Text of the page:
Wednesday, April 2, 2014
Jones takes MSU defense master class
By Brian Bennett
EAST LANSING, Mich. -- Taiwan Jones is a sociology major at Michigan State, but the senior's toughest course this spring might be his switch to middle linebacker.
"I feel like I'm taking another class right now," he told ESPN.com.
This isn't 100-level stuff, either. It's more like graduate or post-doctorate work, taught by professor Pat Narduzzi and building on the groundbreaking thesis of former ace pupil Max Bullough.
Jones is no stranger to the Spartans' defensive scheme. He has started 17 games at weakside linebacker, including 13 times last season, when he finished with 67 tackles.
But now he takes over in the middle, the position that Bullough so expertly commanded by Bullough the past three seasons. Narduzzi often called Bullough his "computer" on defense, because Bullough knew where every player was supposed to be and could serve as a coach on the field.
Michigan State is hoping Jones can eventually have all that information at his fingertips and lead the same way.
"Everybody's depending on you," Jones said. "You're that guy. I'm not nervous about it, but I feel a little bit of pressure. But pressure makes champions, I feel like."
Michigan State's Taiwan Jones is immersed in learning how to be an effective middle linebacker this spring.
Physically, the New Baltimore, Mich., native looks the part. Head coach Mark Dantonio described the 6-foot-3, 250-pounder as "a thumper." Narduzzi said Jones didn't quite fit the mold of a weakside linebacker in his system, but that was the best place to get him on the field the past couple of seasons because of veterans such as Bullough and Denicos Allen.
"He's a more physical type of guy to begin with, so I think he brings a physical style in the box," Narduzzi said. "He should be a little more at home there."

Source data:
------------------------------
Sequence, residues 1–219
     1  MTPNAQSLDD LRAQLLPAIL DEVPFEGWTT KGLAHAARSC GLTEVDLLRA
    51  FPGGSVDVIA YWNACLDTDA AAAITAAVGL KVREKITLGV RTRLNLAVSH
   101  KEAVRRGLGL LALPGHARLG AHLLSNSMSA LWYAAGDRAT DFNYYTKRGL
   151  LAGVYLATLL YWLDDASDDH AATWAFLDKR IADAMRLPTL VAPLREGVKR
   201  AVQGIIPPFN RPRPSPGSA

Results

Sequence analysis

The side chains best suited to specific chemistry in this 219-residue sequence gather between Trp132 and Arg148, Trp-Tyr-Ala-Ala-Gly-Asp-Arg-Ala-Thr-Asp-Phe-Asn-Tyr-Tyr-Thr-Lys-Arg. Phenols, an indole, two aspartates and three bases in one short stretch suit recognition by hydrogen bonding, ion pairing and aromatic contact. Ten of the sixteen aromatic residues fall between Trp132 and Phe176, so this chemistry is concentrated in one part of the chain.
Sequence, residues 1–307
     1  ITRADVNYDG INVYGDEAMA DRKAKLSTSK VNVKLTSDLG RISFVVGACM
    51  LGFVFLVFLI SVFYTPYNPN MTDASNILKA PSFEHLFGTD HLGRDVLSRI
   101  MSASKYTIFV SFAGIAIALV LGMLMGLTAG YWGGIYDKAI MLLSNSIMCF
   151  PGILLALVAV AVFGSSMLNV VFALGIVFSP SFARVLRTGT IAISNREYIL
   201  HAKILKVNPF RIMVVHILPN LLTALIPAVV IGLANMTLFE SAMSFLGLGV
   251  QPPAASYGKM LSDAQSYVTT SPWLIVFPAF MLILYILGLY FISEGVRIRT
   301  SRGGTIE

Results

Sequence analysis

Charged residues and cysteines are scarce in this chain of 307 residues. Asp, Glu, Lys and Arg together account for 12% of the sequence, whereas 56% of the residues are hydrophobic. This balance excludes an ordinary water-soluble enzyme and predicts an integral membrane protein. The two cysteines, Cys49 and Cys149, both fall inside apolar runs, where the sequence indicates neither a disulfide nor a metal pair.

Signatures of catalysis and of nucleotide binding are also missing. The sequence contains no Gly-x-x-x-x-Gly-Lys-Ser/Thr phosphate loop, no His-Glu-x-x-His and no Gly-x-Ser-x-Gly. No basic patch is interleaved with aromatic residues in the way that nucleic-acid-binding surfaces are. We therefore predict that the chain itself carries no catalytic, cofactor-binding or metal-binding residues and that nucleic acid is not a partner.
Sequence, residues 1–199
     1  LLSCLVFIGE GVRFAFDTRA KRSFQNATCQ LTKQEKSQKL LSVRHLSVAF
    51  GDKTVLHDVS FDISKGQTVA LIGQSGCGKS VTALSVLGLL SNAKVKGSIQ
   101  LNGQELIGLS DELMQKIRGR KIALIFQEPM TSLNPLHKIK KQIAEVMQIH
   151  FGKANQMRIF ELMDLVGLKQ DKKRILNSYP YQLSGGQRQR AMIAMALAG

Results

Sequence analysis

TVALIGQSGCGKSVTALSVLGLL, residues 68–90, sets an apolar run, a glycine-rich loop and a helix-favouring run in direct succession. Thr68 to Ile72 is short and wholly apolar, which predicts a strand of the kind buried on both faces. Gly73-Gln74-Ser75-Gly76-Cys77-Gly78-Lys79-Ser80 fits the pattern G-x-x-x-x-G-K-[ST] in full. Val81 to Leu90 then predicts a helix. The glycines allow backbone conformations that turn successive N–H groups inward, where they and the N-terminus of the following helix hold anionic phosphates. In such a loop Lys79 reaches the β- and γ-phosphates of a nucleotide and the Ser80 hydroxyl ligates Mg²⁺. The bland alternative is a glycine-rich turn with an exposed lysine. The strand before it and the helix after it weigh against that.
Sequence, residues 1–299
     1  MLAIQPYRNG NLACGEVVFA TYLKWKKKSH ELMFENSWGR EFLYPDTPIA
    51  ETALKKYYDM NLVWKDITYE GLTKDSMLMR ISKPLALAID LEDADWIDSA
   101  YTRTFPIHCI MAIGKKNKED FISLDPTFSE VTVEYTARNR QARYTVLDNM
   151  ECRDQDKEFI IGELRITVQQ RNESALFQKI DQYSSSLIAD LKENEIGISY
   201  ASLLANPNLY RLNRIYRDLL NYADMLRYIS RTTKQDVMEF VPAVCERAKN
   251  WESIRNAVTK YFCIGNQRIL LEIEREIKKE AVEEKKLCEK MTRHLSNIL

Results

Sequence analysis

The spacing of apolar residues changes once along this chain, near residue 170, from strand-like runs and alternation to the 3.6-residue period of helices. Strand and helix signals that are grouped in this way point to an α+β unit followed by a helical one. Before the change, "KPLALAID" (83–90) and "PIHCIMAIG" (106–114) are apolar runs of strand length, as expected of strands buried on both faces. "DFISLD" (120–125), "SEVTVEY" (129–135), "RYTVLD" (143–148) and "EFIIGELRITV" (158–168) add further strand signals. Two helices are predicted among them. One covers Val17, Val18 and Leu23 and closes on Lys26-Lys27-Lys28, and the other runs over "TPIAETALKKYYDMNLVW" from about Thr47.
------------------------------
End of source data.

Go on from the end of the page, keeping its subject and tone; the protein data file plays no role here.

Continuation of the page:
The Spartans have little doubt that Jones can make plays. It's that intricate knowledge of the system that's a work in progress. Jones said he's spending a lot of extra time in the film room with linebackers coach Mike Tressel and trying his best to translate what he sees from film study and meetings onto the field early on this spring.
"I know the defense," he said, "but it's the other things I have to know better. I have to know when to check into things, when to put the defensive linemen into stunts, stuff like that.
"Most importantly, it's leadership. It's guys knowing they can depend on me, that I've got their back and that I'll never put us in the wrong position. Max never put us in the wrong position. I'm trying to have the utmost confidence so they can have confidence in me to lead them."
Jones has little choice but to lead because he's the only returning starter at linebacker with both Bullough and Allen gone, along with Rose Bowl defensive MVP Kyler Elsworth. Michigan State is counting on juniors Darien Harris and Ed Davis stepping forward, as well as sophomore Riley Bullough and redshirt freshmen Jon Reschke and Shane Jones. Dantonio said when the team put the pads on for the first time this spring on Saturday, "We didn't look the same at linebacker."
Narduzzi's scheme depends on linebackers being able to play effectively against both the run and the pass, so the position has to maintain its high standards in order for the Spartans to reach their goals.
It all starts with Jones. Narduzzi said he won't know until the end of fall preseason practice whether Jones is truly ready to bring all the things to the table that Bullough did. But he already has seen small improvements in his new middle linebacker during the first few practices of the spring.
"We're going to make him a better football player because we're going to make him smarter," Narduzzi said.
Sounds like Jones has a lot more homework ahead of him in this class.